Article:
For the second time this month, Indiana head coach Tom Crean was able to secure a commitment from one of the top players in the state of Indiana.
Neither of those kids have even set foot on the court for a high school game yet.
Trey Lyles is a 6'9", 14 year old freshman at Arsenal Tech High School in Indianapolis. Over the weekend, after an unofficial visit to the Bloomington campus, Lyles told his parents and IU head coach Tom Crean that he had made the decision to commit to the Hoosiers. This comes just three weeks after James Blackmon, a 6'2" freshman at Fort Wayne Leurs High School, committed to Indiana after the Hoosiers season opening football game.
A lot of people are going to rip this decision, and they aren't wrong (more on that in a minute). But before you lump Crean in with the cretins that take advantage of precocious 14 year old athletes, think about this a bit harder. Blackmon and Lyles are both Indiana natives, and if you know anything about Indiana natives, you know they live and breath Hoosier basketball. Now pretend you are a 14 year old kid from Indiana, and the Hoosier basketball coach invites you to campus to talk, get a tour, see a football game, meet the players, etc. Would this not be a dream come true you?
"The Hoosiers?!?! And they want me?!?!" What do you expect to happen?
Anyone watching this process can bitch and moan and rip Crean all they want, but the bottom line is that he is trying to rebuild the Indiana program. The best way to do that is to recruit the hell out of Indiana. There is a lot of basketball talent produced in that state. Like it or not, recruitment can be a four year process, and sometimes the best way to land a kid down the road is to be the first to contact him.
And that is exactly what Crean did here. He invited some of the best young talent in Indiana to visit the school. Was he expecting them to commit? That, I don't know. But when Blackmon and Lyles to Crean they had made a decision and wanted to commit to his program, what is he supposed to say? No?
Would you? Would you risk offending these families? Would you risk ticking off the Indiana High School basketball scene?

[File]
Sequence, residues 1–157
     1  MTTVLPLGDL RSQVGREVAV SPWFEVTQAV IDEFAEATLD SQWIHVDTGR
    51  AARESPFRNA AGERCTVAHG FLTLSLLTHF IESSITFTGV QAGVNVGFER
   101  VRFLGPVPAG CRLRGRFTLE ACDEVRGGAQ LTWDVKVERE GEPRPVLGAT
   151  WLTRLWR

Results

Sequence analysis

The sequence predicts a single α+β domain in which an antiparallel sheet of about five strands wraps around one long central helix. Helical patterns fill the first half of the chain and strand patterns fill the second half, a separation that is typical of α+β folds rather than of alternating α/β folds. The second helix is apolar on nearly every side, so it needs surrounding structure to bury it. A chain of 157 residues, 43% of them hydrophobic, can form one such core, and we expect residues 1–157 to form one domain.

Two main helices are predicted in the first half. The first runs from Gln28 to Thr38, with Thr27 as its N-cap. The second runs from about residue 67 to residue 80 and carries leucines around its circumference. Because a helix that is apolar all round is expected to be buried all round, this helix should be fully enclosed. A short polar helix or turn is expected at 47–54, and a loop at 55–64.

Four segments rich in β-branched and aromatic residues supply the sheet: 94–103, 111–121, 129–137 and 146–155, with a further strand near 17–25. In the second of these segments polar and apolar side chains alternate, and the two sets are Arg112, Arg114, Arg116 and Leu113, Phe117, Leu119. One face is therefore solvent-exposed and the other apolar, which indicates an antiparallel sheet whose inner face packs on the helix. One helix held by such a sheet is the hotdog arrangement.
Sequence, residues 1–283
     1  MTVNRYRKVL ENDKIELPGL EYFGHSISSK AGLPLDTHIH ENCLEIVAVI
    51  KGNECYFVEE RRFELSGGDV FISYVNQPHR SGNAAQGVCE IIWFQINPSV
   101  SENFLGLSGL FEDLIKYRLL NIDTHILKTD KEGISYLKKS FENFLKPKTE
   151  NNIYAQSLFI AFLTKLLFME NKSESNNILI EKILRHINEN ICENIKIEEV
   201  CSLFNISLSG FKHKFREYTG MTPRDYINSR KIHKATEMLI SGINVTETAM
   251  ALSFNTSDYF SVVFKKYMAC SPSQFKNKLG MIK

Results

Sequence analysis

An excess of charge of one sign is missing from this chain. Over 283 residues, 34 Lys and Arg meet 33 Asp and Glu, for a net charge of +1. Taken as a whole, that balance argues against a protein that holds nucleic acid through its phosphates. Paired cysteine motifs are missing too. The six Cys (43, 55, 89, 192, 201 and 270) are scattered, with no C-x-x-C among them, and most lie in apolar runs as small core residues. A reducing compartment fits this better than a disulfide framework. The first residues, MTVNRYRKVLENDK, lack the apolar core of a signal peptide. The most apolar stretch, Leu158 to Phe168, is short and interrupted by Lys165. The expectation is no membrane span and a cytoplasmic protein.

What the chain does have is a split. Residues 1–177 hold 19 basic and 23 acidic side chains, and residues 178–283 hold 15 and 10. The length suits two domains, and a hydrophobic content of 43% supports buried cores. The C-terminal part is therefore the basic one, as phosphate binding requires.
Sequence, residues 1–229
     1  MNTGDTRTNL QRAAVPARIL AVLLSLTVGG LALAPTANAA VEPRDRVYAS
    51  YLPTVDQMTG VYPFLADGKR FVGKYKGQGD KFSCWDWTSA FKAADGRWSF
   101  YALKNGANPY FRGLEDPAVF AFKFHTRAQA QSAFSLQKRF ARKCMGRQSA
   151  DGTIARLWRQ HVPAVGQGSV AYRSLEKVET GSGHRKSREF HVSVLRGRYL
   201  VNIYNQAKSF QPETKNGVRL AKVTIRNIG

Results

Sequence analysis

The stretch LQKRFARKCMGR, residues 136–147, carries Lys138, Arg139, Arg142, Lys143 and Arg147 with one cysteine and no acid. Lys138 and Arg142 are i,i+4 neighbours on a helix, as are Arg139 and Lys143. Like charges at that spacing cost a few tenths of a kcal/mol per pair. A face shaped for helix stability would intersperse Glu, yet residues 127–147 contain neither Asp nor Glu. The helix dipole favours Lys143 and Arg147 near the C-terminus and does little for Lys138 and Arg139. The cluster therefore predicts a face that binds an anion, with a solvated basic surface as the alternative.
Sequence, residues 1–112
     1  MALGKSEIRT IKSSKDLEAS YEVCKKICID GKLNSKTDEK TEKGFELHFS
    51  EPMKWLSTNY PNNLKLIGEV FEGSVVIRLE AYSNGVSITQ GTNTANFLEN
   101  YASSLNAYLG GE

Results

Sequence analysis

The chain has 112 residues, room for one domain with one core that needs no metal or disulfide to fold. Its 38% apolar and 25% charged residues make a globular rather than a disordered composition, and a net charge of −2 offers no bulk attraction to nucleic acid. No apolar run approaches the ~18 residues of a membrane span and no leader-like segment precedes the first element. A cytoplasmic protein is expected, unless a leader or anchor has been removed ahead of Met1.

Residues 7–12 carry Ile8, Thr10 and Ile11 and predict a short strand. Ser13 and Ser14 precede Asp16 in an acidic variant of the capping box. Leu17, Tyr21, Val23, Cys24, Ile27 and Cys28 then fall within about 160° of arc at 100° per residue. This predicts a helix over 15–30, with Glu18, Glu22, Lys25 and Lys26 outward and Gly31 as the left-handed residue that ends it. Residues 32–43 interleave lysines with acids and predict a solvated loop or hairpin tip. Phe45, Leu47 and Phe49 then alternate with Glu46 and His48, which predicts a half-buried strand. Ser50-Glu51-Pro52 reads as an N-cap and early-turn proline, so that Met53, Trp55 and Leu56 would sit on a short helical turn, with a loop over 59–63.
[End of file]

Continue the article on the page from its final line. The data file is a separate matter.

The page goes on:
Believe me, I understand the risks involved here. There are so many question marks when it comes to the development of players at that age. How much more is he going to grow? Is he successful at this age because he happened to hit his growth spurt first? Will he develop the work ethic he needs to reach his full potential when everything at this age comes so easily? Will committing as a high school freshman make him lackadaisacal, convincing him he has already "made it"? Can a high school freshman handle the mental pressure that comes from being committed to a school like Indiana? What kind of long term emotional damage will be done if that kid never ends up going to Indiana? At this point, its not even a guarantee that Crean will still be at Indiana in 2014.
14 year olds are still children. They are still very much works in progress, both mentally and physically. No matter how much natural talent a player has at that age, it is developing the ability to work hard that will determine how close a player will come to reaching their potential.
There are so many stories out there about the hyped middle schoolers that never quite make it. Andre Allen went from being the best eighth grader in the country to being Derrick Rose's back up as a senior at Memphis and getting suspended from the Final Four. Demetrius Walker had an SI article written about him, labeling him the next LeBron James, in 2005, and just transferred out of Arizona State. Taylor King committed to UCLA as a freshman in high school, and now is playing at Concordia, an NAIA school in California. Hell, even Derrick Caracter, who was recently taken in the second round by the Lakers, needed to get kicked out of Louisville to figure out that he needed to a work ethic if he wanted to make it.
Accepting a commitment from a player this age feels wrong. In fact, I would agree with anyone that argued against this practice.
And while it may seem like I am justifying the practice, I find it difficult to fault Crean in this situation. Blame the rules, not the man taking advantage of them.